September 5, 2012 § 4 Comments

Holly and Christopher were divorced in 2007, and Holly had custody. Holly remarried and moved with the children to Pennsylvania.

Holly filed for modification in the Chancery Court of Lowndes County alleging that she was a stay-at-home mom who needed more money from Christopher to be able to pay for the children’s various expenses. She said that the $1,000 Christopher was paying was simply not enough to cover the children’s expenses, and she wanted the judge to apply the child support guidelines at MCA 43-19-101 to increase Christopher’s child support to what it should be at his increased income. 

The chancellor reviewed the parties’ financial statements, along with the other evidence in the record, and found that the statutory amount of child support payable by Christopher should be $1,400. Nonetheless, she denied Holly’s petition to modify based on the fact that Christopher had to pay the expense of visitation between Mississippi and Pennsylvania, and used that fact as a basis to depart from the statutory guidelines, pursuant to MCA 43-19-103, which sets out the critera the court is to use to justify any departure from the guidelines.

Holly appealed, and in Quinones v. Garcia, decided August 28, 2012, the Coa affirmed.

The appellate court rejected several of Holly’s arguments, including that the chancellor had improperly considered her current spouse’s income and that Christopher had manipulated his mandatory deductions, and held that it was proper for the chancellor to deviate from the statutory child support guidelines where the judge ” … makes ‘an on-the-record finding that it would be unjust or inappropriate to apply the guidelines in the instant case.'” Chesney v. Chesney, 910 So. 2d 1057, 1061 (¶7) (Miss. 2005) (citing McEachern v. McEachern, 605 So. 2d 809, 814 (Miss. 1992)). The court found substantial evidence to support the chancellor’s decision.

When you are trying a child support case, don’t get in lock-step with the idea that the statutory guidelines are inflexible. Look at the deviation criteria. If one of them applies — upward or downward — in your case, use it to your advantage. Offer evidence to support your argument. In this case, Christopher’s attorney saved his client $400 a month.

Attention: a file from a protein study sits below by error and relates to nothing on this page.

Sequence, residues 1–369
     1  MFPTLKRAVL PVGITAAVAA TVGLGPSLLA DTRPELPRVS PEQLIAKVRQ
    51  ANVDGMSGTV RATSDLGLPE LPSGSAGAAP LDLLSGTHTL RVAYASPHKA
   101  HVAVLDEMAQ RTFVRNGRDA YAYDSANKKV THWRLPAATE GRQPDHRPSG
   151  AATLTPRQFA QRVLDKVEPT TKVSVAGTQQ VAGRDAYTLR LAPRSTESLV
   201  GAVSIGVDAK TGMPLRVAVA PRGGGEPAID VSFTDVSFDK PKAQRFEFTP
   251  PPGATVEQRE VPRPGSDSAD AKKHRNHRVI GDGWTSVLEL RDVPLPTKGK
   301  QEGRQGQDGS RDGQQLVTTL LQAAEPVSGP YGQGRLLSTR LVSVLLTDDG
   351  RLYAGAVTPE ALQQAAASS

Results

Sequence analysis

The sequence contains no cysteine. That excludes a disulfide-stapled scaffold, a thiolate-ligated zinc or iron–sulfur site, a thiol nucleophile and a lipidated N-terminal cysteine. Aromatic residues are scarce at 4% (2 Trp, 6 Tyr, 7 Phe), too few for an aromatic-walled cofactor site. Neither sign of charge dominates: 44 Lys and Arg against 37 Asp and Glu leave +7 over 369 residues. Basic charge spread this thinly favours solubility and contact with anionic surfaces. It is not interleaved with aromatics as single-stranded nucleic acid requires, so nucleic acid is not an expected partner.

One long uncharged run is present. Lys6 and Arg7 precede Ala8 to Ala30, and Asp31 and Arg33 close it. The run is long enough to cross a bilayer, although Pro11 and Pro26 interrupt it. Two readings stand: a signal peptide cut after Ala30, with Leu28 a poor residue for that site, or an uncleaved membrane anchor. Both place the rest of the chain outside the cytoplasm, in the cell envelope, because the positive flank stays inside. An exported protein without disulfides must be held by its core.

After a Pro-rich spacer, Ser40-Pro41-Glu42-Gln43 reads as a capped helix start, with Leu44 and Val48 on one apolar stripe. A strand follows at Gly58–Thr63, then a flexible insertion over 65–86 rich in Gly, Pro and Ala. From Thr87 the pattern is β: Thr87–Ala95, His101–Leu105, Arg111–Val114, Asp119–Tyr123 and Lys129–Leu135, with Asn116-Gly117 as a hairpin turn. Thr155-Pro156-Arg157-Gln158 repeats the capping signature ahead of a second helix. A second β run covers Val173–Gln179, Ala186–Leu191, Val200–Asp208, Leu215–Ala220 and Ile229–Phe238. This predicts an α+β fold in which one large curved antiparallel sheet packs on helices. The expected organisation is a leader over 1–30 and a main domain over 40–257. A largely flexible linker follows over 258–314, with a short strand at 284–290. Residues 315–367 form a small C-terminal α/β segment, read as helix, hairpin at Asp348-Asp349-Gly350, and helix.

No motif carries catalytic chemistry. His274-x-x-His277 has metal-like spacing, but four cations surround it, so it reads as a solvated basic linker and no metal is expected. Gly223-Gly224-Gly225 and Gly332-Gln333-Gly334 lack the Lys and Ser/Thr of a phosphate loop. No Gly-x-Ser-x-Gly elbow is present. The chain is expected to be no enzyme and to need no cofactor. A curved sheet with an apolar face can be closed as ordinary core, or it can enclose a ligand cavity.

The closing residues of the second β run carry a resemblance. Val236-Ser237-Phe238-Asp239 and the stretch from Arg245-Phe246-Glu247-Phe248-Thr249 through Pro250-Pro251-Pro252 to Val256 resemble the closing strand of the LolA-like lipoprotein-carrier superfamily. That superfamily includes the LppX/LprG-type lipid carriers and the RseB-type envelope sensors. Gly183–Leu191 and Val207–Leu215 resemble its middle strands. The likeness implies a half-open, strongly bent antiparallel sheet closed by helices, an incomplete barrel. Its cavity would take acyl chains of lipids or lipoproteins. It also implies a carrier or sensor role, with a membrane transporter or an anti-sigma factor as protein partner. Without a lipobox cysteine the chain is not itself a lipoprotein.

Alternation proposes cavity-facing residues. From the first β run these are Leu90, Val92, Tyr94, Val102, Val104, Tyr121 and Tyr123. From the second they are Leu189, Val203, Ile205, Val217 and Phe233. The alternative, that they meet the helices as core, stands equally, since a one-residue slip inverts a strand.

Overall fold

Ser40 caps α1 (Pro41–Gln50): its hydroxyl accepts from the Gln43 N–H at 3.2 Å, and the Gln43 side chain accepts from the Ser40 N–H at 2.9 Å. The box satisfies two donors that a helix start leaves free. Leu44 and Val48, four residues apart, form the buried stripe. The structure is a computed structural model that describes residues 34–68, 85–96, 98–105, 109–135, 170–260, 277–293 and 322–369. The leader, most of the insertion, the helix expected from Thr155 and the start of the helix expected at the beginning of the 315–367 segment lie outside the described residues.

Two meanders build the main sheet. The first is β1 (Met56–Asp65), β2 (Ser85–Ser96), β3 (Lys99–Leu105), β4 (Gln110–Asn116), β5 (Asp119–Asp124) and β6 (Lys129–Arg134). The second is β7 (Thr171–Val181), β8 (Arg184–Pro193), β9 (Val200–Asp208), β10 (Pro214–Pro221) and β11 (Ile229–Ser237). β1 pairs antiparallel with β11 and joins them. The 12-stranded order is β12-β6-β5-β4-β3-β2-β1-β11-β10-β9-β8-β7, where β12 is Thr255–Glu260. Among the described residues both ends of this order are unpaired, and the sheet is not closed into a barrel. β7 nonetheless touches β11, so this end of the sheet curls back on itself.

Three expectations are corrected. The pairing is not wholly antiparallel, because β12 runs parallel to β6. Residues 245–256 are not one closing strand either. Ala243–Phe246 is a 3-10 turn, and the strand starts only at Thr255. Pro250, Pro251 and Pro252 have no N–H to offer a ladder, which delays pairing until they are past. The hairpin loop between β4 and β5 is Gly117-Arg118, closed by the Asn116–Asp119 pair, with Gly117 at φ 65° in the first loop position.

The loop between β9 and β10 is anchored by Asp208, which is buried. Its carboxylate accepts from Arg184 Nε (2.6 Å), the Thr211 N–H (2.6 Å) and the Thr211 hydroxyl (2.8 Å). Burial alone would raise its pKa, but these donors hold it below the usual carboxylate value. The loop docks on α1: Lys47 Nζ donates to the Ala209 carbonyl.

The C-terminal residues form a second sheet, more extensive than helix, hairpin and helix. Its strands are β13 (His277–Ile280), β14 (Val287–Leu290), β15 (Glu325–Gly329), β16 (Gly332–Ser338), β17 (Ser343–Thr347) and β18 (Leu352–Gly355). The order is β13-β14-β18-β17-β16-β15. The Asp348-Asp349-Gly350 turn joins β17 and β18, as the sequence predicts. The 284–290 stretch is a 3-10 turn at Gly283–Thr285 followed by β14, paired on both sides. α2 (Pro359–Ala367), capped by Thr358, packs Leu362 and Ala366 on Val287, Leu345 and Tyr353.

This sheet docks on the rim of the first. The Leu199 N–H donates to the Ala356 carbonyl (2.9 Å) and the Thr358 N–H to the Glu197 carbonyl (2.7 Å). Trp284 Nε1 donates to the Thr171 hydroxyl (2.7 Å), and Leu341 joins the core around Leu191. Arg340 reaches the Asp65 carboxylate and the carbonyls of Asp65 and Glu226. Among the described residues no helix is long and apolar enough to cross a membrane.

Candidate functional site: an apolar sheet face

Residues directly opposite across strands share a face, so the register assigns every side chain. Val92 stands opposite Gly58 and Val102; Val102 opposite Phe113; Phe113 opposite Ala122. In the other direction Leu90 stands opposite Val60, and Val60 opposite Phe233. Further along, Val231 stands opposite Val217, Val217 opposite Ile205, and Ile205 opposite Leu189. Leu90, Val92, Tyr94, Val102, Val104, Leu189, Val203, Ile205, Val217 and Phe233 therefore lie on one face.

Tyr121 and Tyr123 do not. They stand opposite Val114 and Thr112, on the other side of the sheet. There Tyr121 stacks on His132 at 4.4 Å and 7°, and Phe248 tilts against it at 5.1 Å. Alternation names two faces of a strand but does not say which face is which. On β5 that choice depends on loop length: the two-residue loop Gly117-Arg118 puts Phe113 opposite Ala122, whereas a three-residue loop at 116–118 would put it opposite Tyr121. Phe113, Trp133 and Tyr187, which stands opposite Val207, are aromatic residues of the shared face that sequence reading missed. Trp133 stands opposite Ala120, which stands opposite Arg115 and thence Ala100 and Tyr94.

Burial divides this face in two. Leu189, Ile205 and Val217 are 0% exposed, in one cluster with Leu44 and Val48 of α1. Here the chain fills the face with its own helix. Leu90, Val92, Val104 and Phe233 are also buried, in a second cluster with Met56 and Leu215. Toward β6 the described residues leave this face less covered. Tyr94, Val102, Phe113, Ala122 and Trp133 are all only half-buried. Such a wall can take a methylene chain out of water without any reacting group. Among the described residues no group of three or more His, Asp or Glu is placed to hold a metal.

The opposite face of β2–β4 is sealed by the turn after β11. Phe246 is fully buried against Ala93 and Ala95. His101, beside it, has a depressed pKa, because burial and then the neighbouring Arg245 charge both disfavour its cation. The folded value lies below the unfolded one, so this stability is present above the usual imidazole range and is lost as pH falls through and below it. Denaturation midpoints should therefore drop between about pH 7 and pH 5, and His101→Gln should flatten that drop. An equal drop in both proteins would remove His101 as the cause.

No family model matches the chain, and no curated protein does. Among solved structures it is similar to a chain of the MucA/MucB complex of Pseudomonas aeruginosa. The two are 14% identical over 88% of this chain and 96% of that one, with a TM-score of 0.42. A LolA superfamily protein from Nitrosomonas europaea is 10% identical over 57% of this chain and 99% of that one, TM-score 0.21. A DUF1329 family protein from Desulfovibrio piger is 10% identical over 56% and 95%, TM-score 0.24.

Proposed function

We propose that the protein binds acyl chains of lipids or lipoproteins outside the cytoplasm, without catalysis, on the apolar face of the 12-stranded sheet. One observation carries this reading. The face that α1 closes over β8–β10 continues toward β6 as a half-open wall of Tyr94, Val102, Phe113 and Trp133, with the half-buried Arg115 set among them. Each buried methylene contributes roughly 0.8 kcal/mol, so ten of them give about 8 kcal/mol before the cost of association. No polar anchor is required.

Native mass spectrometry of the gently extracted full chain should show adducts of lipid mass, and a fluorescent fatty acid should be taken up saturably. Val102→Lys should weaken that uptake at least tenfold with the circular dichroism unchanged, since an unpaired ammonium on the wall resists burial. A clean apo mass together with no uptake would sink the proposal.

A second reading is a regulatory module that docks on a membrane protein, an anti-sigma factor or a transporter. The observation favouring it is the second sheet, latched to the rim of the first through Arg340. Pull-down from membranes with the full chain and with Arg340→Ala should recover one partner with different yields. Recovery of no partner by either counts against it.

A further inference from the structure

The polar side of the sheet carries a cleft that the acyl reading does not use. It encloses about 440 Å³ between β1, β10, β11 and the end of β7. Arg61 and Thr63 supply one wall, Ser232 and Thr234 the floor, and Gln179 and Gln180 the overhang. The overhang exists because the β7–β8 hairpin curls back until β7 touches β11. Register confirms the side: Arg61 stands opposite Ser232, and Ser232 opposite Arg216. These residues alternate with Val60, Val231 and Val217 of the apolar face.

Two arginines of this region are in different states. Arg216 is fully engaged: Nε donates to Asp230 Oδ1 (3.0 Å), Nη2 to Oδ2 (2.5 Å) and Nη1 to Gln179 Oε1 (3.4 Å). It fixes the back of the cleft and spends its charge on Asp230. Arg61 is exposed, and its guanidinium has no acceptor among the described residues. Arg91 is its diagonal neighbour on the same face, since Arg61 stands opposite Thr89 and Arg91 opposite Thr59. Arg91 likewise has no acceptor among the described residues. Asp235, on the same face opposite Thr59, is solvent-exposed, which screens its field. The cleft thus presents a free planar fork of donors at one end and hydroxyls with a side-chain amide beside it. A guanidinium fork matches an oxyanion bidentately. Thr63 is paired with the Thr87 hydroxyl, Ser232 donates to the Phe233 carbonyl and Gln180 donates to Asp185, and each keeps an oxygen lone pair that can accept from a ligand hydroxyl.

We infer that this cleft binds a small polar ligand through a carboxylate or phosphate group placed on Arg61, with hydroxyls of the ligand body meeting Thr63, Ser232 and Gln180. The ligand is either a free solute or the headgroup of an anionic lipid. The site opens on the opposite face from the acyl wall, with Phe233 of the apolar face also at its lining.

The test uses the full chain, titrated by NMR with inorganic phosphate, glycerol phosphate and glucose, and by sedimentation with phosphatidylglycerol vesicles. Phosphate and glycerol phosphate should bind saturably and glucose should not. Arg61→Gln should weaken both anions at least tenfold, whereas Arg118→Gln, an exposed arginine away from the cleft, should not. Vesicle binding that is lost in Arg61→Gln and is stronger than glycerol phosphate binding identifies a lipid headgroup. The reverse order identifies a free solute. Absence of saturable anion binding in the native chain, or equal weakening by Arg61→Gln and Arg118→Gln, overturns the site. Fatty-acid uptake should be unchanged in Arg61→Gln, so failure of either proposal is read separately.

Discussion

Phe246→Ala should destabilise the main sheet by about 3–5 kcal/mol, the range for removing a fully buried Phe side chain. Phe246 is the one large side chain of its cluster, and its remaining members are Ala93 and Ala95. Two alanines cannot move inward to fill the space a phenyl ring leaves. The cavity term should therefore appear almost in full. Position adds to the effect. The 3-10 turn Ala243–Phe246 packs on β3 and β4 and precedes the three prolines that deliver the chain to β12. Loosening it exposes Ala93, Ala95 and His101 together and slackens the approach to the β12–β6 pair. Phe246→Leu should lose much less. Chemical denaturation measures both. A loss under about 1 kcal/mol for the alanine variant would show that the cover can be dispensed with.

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  • randywallace says:

    I think they are substantive, but the “did not follow the legislative recipe” language from Justice Dickinson makes me wonder if he considers them procedural. Either way, it appears at least two Justices would strike them if given a proper opportunity.

    “The constitutional duty and authority to decide appropriate child support rests with the courts. n1 So the Legislature may not constitutionally dictate a judicial award of child support, n2 and may not interfere with a chancellor’s mental processes in deciding cases. n3 Today, the majority reverses a child support award — not because it is unreasonable — but because in reaching his conclusion the chancellor did not follow the legislative recipe n4 . Because I would affirm the chancellor in all respects, I therefore concur in part and dissent in part.” Wheat v. Wheat, 37 So. 3d 632, 645 (Miss. 2010).

    • Larry says:

      I get you now. I misunderstood what you were talking about originally. Yes, the final authority to determine child support rests with the court. The legislature may set out guidelines, but it can not dictate results. The MSSC said the same thing as to the emancipation statute; the law can set out parameters, but it can not limit the court’s authority to fashion an equitable remedy, nor can it dictate a result. Thanks for that comment.

  • randywallace says:

    Wonder how long it will be before someone makes a direct attack on the guidelines based on separation of powers. If I remember correctly, Justice Dickinson dropped a footnote in a dissent that caught my eye a while back on this issue.

    • Larry says:

      Do you see the guidelines as procedural? I see them as substantive. To my knowledge the SC has not questioned the authority of the legislature to make substantive law that does not impinge on the judiciary’s power to govern its own procedures or intrudes on the constitutional power of the courts. Your mileage may vary.

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You are currently reading BREAKING LOCK STEP WITH THE CHILD SUPPORT GUIDELINES at The Better Chancery Practice Blog.


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